An update on alternate fuels and taxes

An update on alternate fuels and taxes

Our dedicated federal government has been busy securing transportation’s future by passing new legislation. As you may already know we, after many attempts, thankfully got long-term transportation funding (could an important election be coming up?), but relevant alternate fuels tax legislation was also passed.

Natural gas gets a 50 cent per gallon tax credit, for both compressed natural gas (CNG) and liquid natural gas (LNG). There is an additional tax credit of up to 30% of the cost of natural gas refueling equipment, up to $30,000 maximum. Both credits are for 2015 and 2016.

The fuel tax credit for LNG was also made in energy equivalency rather than gallons since LNG occupies so little volume. The tax credit will either be calculated on a diesel—gallon equivalency or a BTU per gallon basis. This puts all gaseous fuels on equal footing as diesel or biodiesel fuels—a long-overdue move.

The $1 per gallon fuel blender’s tax credit was also reinstated for both biodiesel and ethanol. The National Biodiesel Board (NBB) wants to see this credit given to only U.S. fuel blenders, but that’s not the way the law is currently written. I suspect this will be difficult for the NBB to get changed because of the current ethanol situation in California.

Remember, the CARB decided that corn-based ethanol didn’t meet its GHG emissions targets, so they required all ethanol used in California to be either cellulosic or produced from sugar cane. Currently, U.S. ethanol producers have to sell their corn-based ethanol elsewhere, and Europe is trying to legislate against this because of the drastically lower prices from U. S. producers. In the meantime fuel marketers from California must purchase ethanol from countries like Brazil, where it is produced from sugar cane.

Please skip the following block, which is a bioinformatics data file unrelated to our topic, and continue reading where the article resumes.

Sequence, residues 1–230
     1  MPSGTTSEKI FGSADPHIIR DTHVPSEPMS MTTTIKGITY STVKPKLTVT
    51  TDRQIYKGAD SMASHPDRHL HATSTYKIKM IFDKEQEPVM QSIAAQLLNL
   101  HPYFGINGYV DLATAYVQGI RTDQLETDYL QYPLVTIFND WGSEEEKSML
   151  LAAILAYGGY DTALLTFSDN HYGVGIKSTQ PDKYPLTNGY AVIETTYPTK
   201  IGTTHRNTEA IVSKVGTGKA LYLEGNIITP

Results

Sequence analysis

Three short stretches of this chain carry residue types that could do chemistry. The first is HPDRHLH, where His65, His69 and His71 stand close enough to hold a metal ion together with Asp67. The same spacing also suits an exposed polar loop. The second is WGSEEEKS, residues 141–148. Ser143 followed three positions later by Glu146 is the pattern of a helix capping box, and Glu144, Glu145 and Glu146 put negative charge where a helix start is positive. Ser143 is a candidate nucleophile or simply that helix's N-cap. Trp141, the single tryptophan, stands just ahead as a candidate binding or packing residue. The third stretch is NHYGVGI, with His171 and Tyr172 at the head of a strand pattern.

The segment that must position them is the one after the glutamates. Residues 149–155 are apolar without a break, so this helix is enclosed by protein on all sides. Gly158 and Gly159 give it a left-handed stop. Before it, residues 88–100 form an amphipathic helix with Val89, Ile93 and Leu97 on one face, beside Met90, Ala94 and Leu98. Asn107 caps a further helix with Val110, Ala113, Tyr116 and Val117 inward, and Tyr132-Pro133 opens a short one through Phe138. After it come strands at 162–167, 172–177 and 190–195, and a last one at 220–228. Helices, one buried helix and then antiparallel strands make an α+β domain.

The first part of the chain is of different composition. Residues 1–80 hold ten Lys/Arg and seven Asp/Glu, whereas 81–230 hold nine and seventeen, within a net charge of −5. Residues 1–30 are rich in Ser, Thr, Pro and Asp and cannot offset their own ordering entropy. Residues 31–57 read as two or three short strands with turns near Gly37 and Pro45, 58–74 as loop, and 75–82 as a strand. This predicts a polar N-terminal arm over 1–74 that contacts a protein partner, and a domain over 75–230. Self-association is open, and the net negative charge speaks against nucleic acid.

A positive benefit of this activity is that it is forcing U.S. ethanol producers to consider producing their ethanol from cellulosic feed stocks. I’ve seen more cellulosic-fueled activity recently than I’ve seen in several years. Hopefully we will soon end up with a second generation of ethanol, where we should have been long ago.

Of course, Big Agriculture and the farm lobby are squealing like stuck hogs. They’ve convinced farmers to plant corn everywhere, and now both the U.S. and Europe are trying to limit the use of ethanol. “Big Ag” and the farm lobby have mounted aggressive campaigns to increase ethanol concentration in gasoline to 15% in most states.

This will, of course, serve to increase GHG emissions due to ethanol’s poor fuel economy, so many of the ethanol industry spokespersons are now trying to convince politicians and the public that auto producers have found ways to get better fuel economy out of ethanol than gasoline. It still takes twice as much ethanol to produce the same energy as 1 gallon of gasoline. And we don’t need to discuss the corrosiveness of ethanol compared to gasoline.

The Alternate Fuel Excise Tax Credit and the Alternate Fuel Vehicle Refueling Property Credit were also extended with this legislation.

President Obama also signed a bill essentially doubling the first year depreciation on the purchase of new equipment using alternate fuels from 33.33% to 66.7%. I realize that the current low price of ultra-low sulfur diesel (ULSD) fuel is a deterrent to purchasing vehicles which can operate on alternate fuels, but the Organization of the Petroleum Exporting Countries (OPEC) can’t flood the market with cheap crude forever. Their supplies are limited just like everyone else.

The Energy Information Agency (EIA) now predicts that diesel prices will remain low all year. But the EIA has no idea what is in the minds of OPEC members. I suspect that, when OPEC regains their lost market share, their prices will again rise. Many OPEC crude suppliers have nothing else to drive their economies.

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